In the 21st century, justice should be accessible to everyone, in terms of costs and time, which means that there cannot be any meaningful results if the costs are burdensome and the duration of the trial is too long. Dispute resolution should be just, cheap and quick, with these aspects being interconnected since they all contribute to the achievement of a better legal system. They complement each other, and represent the modern definition of justice.

A solicitor from Sydney, Nas Hanafi, highlights that the main role of the Court in civil matters is to find out the truth and establish the rights of the parties, not to punish or correct them for their mistakes.

If a party is seeking legal action, then case management practices should not impinge the party’s rights, but if a prejudice has been caused, the other party must compensate by costs. Case management has been introduced to support justice and Court decisions, not to replace them. For some people, case management used to represent a threat for justice. Similarly, a quick and cheap trial may not always be the same as a just trial, which leads us to the idea that case management should be applied as long as it does not affect the correct application of the legal process.

Nas Hanafi also states that starting with the 1980s, Australia and other western democracies have started to implement political and economical strategies, which focused on the efficient allocation of resources. In terms of financial changes, this meant deregulation and privatization, connecting productivity and funding and pricing public resources. As a result, there has been a push for efficiency, and the public expects more in a shorter period of time, for lower prices.

Justice French once stated that the power of the Courts is granted by the public law. The Court should not fulfil the wishes of the parties at the expense of the public interest.  The Court should ensure that the parties do not ask for something which will jeopardize the public interest. For this reason, legal action is taken not only to favour one party, but also to create a frame for future litigants and does not concern only the rights of the parties involved in a case, but also the public realm. The fact that justice should be quick and cheap does not eliminate or diminish the fact that there are thousands of other parties waiting for a resolution to their issues, which is why justice must be aware that its resources are limited, and a costly and long trial affects not only the parties involved, but also those who are waiting in line to access justice.

After case management started to become popular, there were some changes in the relationships between the advocates and the judges. Years ago, judges had a more passive role and advocates were more autonomous when managing a case, but nowadays, the judges are the ones controlling the use of Court time, as a means to achieve just, quick and cheap resolution. This power is guaranteed by the UCPR and the parliament. Furthermore, the costs of a trial have increased, compared to other public services and due to the complexity of legislation and factual disputes; parties must be managed by an entitled authority. Case management has appeared as a result of the current reality (limited resources, litigious society and Court lists) and has developed so much that no procedure can deliver justice if it is devoid of it. This means that case management is no longer an optional term and it does not have a supportive role, but it has become a synonym of justice.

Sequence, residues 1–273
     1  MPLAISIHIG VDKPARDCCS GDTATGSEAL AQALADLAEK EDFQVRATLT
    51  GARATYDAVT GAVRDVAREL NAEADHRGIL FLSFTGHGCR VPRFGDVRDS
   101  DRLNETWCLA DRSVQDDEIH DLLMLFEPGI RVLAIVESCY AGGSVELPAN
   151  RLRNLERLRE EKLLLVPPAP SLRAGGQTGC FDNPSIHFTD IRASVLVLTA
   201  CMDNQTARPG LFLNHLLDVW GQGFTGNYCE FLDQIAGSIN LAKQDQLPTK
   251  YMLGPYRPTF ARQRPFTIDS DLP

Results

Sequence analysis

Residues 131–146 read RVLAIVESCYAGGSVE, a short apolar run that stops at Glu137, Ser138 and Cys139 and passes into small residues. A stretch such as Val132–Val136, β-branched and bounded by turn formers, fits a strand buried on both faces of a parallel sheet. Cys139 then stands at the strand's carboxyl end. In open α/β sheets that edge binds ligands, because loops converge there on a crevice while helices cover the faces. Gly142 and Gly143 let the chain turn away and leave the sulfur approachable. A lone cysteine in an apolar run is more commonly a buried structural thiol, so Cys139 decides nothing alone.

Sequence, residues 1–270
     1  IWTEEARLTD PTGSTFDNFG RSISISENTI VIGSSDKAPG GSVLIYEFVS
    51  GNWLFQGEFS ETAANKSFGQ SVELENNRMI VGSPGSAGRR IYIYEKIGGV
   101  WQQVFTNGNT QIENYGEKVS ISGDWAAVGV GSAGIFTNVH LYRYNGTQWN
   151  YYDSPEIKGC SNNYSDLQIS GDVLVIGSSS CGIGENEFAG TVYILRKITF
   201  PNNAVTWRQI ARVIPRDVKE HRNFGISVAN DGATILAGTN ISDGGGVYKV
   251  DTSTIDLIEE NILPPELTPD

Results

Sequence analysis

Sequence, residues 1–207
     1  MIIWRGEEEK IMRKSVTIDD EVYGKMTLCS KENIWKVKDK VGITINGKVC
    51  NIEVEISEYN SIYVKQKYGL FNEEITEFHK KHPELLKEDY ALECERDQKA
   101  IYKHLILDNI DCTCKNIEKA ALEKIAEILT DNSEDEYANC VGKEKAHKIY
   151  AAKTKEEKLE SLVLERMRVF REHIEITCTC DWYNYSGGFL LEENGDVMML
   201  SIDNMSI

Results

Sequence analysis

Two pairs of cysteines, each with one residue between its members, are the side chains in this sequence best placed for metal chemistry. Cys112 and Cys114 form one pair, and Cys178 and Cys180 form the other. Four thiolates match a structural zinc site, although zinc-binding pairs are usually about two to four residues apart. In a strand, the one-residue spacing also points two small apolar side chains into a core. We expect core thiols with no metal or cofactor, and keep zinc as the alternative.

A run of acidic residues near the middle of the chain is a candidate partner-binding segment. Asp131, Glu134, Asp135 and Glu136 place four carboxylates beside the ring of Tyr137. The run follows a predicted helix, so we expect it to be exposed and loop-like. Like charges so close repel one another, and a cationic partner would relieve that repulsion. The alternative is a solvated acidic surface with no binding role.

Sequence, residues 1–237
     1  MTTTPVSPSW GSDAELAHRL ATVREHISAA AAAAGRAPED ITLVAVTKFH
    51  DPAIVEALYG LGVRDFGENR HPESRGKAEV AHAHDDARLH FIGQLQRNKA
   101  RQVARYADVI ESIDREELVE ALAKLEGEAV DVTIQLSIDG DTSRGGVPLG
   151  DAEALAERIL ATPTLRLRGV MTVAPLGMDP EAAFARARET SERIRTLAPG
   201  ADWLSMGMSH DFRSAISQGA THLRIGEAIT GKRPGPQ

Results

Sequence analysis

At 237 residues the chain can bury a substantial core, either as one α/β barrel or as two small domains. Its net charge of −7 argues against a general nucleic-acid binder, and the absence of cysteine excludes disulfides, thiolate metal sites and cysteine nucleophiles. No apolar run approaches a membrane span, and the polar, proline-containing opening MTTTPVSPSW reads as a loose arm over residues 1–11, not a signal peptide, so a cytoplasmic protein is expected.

As far as the efficient use of resources, Nas Hanafi says that a trial should be just, quick and cheap – the three aims which should act as a whole for the success of a case and for the right resolution, not only for the parties involved, but also for the public.

 

For further information call Nas Hanafi on (02) 9251 2722

Can my employer see my past criminal convictions?

A conviction is “spent” upon the expiration of a “crime free period” of ten consecutive years following a conviction for an adult offender pursuant to s8(1) Criminal Records Act 1991 (NSW).

 

A spent conviction stays on your record but the Police will not release the conviction to anyone.  For example, if someone does a criminal history check on you, they will not see the spent convictions.

 

There are however, exceptions to this for certain offences as follows:

  1. A sexual offence;
  2. Prison sentence of 6 months or over; and
  3. Convictions imposed against a body corporate, that is, a company.

 

Thus though the record in fact still remains attached to your history as a person, it is not revealed to people checking your history, subject to certain exceptions above.

 

If you require any information in relation the above, please give Nas Hanafi of Lion Legal a call on (02) 9251 2722.